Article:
Archive for November 17th, 2019

Sunday, 17 November 2019

The New Roof: A Song for Federal Mechanics by Francis Hopkinson

I.
Come muster, my lads, your mechanical tools,
Your saws and your axes, your hammers and rules;
Bring your mallets and planes, your level and line,
And plenty of pins1 of American pine:
For our roof we will raise, and our song still shall be,
Our government firm, and our citizens free.

II.
Come, up with the plates2, lay them firm on the wall,
Like the people at large, they’re the ground work of all;
Examine them well, and see that they’re sound,
Let no rotten parts in our building be found:
For our roof we will raise, and our song still shall be,
A government firm, and our citizens free.

III.
Now hand up the girders3; lay each in his place,
Between them the joists4, must divide all the space;
Like assemblymen, these should lie level along,
Like girders, our senate prove loyal and strong:
For our roof we will raise, and our song still shall be,
A government firm, over citizens free.

IV.
The rafters now frame—your king-posts5 and braces6,
And drive your pins home, to keep all in their places;
Let wisdom and strength in the fabric combine,
And your pins be all made of American pine:
For our roof we will raise, and our song still shall be,
A government firm, over citizens free.

V.
Our king-posts are judges—how upright they stand,
Supporting the braces, the laws of the land;
The laws of the land, which divide right from wrong,
And strengthen the weak, by weak’ning the strong:
For our roof we will raise, and our song still shall be,
Laws equal and just, for a people that’s free.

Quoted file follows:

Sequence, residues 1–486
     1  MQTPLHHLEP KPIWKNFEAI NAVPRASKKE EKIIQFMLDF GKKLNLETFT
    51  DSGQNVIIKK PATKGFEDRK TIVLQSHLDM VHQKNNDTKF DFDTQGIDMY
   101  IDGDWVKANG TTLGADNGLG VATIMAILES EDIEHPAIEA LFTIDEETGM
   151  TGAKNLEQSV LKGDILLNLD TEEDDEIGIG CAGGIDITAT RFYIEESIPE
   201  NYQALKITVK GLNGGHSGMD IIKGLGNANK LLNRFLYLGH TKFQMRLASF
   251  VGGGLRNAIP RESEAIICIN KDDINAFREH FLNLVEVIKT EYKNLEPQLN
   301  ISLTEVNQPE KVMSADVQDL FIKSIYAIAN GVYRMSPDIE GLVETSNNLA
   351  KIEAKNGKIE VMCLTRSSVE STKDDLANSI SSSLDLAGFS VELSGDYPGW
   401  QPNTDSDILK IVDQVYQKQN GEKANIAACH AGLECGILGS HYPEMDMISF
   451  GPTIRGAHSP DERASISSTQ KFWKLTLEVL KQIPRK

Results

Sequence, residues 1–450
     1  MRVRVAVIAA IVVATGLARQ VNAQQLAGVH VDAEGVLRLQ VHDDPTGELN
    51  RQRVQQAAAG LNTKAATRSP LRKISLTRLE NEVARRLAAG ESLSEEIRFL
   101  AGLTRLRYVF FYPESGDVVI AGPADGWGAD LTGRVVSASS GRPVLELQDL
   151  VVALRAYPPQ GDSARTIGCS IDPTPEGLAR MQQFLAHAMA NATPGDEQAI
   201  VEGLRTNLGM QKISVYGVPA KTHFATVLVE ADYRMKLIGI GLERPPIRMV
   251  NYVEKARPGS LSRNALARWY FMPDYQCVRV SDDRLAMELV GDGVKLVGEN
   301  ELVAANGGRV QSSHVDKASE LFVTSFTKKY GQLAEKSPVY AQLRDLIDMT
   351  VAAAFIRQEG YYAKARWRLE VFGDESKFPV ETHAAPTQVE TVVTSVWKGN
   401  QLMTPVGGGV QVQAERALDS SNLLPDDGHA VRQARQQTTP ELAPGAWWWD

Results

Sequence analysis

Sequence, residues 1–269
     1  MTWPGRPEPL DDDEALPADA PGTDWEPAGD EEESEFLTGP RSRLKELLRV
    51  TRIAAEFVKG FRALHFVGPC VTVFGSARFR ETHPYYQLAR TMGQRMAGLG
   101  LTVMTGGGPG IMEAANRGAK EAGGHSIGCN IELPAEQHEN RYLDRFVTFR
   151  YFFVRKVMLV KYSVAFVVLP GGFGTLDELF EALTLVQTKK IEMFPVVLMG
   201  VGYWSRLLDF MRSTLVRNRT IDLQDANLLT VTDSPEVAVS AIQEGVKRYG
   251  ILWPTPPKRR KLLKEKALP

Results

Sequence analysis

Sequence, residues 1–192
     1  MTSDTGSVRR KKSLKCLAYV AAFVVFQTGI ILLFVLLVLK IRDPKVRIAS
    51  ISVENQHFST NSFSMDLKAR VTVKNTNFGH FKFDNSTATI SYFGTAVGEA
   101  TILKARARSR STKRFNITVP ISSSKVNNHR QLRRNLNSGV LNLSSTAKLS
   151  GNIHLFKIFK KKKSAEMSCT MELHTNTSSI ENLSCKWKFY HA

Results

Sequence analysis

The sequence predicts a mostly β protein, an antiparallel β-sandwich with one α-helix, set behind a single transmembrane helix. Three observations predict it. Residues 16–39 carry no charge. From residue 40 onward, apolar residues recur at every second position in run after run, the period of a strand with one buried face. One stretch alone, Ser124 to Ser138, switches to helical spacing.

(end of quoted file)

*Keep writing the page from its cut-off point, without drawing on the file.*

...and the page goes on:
VI.
Up! Up with the rafters7—each frame is a state;
How nobly they rise! their span, too, how great!
From the north to the south, o’er the whole they extend,
And rest on the walls, whilst the walls they defend:
For our roof we will raise, and our song still shall be
Combined in strength, yet as citizens free.

VII.
Now enter the purlins8,
and drive your pins through,
And see that your joints are drawn home, and all true.
The purlins will bind all the rafters together;
The strength of the whole shall defy wind and weather:
For our roof we will raise, and our song still shall be,
United as states, but as citizens free.

VIII.
Come, raise up the turret9—our glory and pride;
In the center it stands, o’er the whole to preside:
The sons of Columbia10 shall view with delight
Its pillars and arches, and towering height:
Our roof is now rais’d, and our song still shall be,
A federal head, o’er a people still free.

IX.
Huzza! my brave boys, our work is complete,
The world shall admire Columbia’s fair seat;
Its strength against tempest and time shall be proof,
And thousands shall come to dwell under our ROOF.
Whilst we drain the deep bowl, our toast still shall be
Our government firm, and our citizens free.

Notes:
1.         Pins – nails.
2.         Plates – horizontal structural load-bearing members of a frame wall supporting ceiling joits, rafters or other members.
3.         Girders – Large or principal beams of wood or steel used to support concentrated loads at isolated points along its length.
4.         Joists – wooden planks that run parallel to one another and support a floor or ceiling, and supported in turn by larger beams, girders, or bearing walls.
5.         King-posts – Vertical framing members usually designed to carry beams.
6.         Braces – inclined pieces of framing lumber applied to wall of floor to strengthen the structure.
7.         Rafters – lumber used to support the roof sheeting and roof loads.
8.         Purlins – support for rafters.
9.         Turret – tower.
10.       Columbia – USA.
(building terms from
Dictionary of Construction Terminology – https://www.completedesign.cc/client-resources/dictionary-of-construction-terminology/)

From: http://americainclass.org/sources/makingrevolution/constitution/text3/hopkinsonnewroof.pdf

Date: 1787

By: Francis Hopkinson (1737-1791)